The question Dunleavy really should be asking himself is, what did he really expect when he acquired three players—Camby, Davis, and Zach Randolph—who’ve all spent as much time on the D.L. as they have on the court?
Over on the Phoenix side, Gentry is careful to note that “the guy I replaced wasn’t doing anything wrong,” but that he thought it’d be best to go back to some of the tried-and-true stuff that’s worked in the past. “The one thing I think everyone has to understand is that this is a really unique team to coach. Everyone thinks, oh yeah, we want to run, but running is a mentality that has to be developed, and that’s what we’re going to try and do over these last 30 games. You’re either all-in or you’re not; the mentality has to be that you’re going to run on every single play.”
Amar’e Stoudemire sits at his locker, attacking a chicken sandwich and fries the way he will attack the Clippers interior defense in a couple hours (42 points, if you haven’t heard). The surest sign an NBA player doesn’t want to talk to you is when he keeps his headphones on and his iPod blasting, an understandable avoidance mechanism when a bunch of media guys are waiting to ask you how it feels to play knowing you could be in a different uniform tomorrow night.
Finally, the media has their way, as they almost always do, and Amar’e speaks between bites of chicken, not giving much away:
SLAM: Seems like overnight—judging by Tuesday night’s win—you guys are back to playing the game you guys want to be playing.
Amar’e Stoudemire: We just went out there and played. No hesitation; we had a great gamer offensively; tried to lock some guys down defensively, just gotta keep it going.
SLAM: Will there still be times when the ball goes into the post first? Or is it back to “7 seconds or less?”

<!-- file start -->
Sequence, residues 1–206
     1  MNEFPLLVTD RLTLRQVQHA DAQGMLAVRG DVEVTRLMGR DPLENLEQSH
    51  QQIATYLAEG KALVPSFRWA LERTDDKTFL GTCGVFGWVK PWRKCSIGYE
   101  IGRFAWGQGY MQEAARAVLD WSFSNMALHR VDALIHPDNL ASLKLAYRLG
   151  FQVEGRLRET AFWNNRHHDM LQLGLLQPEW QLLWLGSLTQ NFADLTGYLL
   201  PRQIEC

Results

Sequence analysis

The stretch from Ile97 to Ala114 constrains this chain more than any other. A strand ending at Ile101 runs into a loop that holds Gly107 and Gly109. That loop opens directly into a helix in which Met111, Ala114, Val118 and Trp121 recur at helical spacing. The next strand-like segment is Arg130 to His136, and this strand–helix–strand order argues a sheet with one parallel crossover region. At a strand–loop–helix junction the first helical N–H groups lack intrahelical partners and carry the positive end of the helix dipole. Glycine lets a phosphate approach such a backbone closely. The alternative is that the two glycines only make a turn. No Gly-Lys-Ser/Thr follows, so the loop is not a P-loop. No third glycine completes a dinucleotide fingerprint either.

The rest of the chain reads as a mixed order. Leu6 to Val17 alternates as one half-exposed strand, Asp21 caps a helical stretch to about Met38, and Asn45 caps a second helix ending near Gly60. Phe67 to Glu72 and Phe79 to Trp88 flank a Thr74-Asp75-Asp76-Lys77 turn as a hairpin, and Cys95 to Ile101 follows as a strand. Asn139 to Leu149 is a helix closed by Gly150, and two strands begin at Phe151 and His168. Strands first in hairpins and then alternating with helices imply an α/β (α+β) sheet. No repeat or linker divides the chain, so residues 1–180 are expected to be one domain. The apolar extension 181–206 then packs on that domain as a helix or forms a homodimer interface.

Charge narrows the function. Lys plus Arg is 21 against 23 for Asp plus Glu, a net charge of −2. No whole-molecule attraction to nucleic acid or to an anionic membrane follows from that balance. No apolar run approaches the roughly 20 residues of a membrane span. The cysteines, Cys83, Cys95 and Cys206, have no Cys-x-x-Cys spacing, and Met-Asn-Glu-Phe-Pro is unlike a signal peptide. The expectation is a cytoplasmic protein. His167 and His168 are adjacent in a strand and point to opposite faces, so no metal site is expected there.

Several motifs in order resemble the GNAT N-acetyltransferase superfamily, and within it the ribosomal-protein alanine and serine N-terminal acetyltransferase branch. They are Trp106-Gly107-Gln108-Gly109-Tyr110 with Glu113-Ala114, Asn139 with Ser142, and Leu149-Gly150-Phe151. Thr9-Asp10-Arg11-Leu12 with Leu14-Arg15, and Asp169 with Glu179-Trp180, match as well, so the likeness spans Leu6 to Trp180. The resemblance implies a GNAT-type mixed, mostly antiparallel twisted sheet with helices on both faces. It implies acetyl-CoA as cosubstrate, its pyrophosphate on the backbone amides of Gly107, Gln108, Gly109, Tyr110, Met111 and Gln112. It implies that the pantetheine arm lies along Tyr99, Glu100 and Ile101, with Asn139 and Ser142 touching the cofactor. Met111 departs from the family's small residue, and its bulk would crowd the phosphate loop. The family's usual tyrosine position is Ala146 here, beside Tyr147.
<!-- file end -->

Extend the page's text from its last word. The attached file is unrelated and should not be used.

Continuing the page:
AS: Whatever we see open first, we go with. If I have a guy sealed deep, it goes to me early. If nobody’s down there before the ball gets down there, we run it through our offensive plays.
SLAM: Is it hard playing with daily rumors that you could be traded?
AS: Not too hard. I tend to put everything aside and just play basketball. I never worry, I never stress. It never bothers me.
SLAM: But ego-wise, it’s got to hurt…
AS: Doesn’t hurt me at all. Whether I’m here or somewhere else, I got a lot to bring to the table. Whatever city I’m in. If I got traded, I’d be more trying to figure out where I’m, going, who are my new teammates, who am I going to war with. Trying to win a title.
More Suns have materialized, all of them eating, and watching the video highlights from Tuesday night. The star of one particular highlight is reserve forward Louis Amundson, who was the recipient of a Zach Randolph punch in Phoenix, a punch that got Randolph ejected and suspended for two games, starting with tonight’s rematch. The incident came in the first quarter, after several chippy encounters between the two. During Dunleavy’s pre-game, it was revealed that Randolph had received news that his father was seriously ill in the hospital minutes before game time, and that it had affected his play.
What did Amundson think?